High Intensity Sprints Require Calories – Look to the Calories in a Banana

Though often underestimated, when you are short on time or hoping to blast off excess calories, short distance, high speed sprints should be an exercise to be considered. Short intervals of sprints keep your heart jumping from low to high, which actually burns more calories than if you were to continually jog for a longer period of time. After longer work outs you will get sore – some of the ingredients in protein shake recipes can help combat this. Your body tends to adjust and regulate itself when sustaining a pace which makes it easier for your lungs, muscles, and overall body. However, you want to challenge your body! And by switching to this method, your body will struggle more to go from walking/jogging to full out sprints. The high intensity of the sprints requires your muscles to move rapidly and pushes your body to the limit. Like long distance running or jogging, sprints actually help build endurance as well because your lungs and muscles are getting stronger. These exercises can take a lot out of you – calories in a banana are sure to help.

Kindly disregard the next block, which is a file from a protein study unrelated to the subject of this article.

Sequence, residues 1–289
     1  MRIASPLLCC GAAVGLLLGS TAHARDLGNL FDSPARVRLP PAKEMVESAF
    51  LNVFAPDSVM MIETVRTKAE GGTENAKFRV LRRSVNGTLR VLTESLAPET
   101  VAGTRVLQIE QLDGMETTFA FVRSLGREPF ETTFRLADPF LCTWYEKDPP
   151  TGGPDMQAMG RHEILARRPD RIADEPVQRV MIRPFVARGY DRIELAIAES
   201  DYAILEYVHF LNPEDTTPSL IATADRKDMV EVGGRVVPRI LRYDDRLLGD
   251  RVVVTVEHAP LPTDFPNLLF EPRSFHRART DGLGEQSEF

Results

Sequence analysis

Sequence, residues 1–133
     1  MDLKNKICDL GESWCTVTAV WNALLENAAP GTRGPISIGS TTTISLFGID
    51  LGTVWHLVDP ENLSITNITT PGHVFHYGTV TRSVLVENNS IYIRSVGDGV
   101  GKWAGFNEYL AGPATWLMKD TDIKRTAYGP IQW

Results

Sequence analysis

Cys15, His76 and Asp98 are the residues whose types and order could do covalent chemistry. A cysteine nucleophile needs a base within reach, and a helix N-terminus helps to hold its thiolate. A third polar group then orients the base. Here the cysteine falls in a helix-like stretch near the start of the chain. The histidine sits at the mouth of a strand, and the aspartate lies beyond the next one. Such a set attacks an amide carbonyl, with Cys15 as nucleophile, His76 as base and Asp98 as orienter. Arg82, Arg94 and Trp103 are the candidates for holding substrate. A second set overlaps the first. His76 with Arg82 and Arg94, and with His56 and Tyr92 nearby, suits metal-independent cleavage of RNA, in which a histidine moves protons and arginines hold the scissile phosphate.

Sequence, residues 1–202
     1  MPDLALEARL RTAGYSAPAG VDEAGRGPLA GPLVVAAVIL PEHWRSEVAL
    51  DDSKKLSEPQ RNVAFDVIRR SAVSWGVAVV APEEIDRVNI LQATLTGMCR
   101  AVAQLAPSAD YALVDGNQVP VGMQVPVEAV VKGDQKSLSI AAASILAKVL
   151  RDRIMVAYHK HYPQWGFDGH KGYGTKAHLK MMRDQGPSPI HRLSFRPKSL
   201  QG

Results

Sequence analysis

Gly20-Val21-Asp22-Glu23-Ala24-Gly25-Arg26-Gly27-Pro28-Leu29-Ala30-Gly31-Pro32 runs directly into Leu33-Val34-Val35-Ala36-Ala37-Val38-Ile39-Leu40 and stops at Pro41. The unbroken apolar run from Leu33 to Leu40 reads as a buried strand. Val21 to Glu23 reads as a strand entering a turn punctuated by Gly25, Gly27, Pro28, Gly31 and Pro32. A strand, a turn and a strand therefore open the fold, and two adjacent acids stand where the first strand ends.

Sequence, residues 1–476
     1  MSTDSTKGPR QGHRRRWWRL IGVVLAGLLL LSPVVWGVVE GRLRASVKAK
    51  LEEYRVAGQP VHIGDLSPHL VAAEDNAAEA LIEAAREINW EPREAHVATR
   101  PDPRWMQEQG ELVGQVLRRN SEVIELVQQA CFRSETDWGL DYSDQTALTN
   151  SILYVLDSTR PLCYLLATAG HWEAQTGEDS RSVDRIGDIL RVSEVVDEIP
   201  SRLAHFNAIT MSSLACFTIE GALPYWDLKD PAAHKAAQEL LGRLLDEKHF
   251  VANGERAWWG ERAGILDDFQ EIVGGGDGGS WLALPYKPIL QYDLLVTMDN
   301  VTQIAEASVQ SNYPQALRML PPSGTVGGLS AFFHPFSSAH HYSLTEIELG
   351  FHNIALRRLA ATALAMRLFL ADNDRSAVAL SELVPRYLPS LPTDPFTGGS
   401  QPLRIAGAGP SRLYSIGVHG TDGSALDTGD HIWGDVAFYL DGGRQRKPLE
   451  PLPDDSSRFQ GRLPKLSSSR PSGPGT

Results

Furthermore, studies show that those who did quick sprints at a high intensity followed by intervals of walking or jogging tended to burn more calories after the workout than those who did sustained jogging or running for a long period of time. In addition to these many benefits, it is important to realize that the calories that are burned off while sprinting tend to come first from both body’s storage of fat and carbohydrates, as opposed to the long held theory that low intensity workouts were meant for fat burning. While low intensity workouts are good at targeting fat storages, you won’t burn as many calories as you would if you were sprinting—creating a more toned body and strengthened muscles. Avoid alcohol – even low calorie alcoholic drinks have a long term effect on metabolism.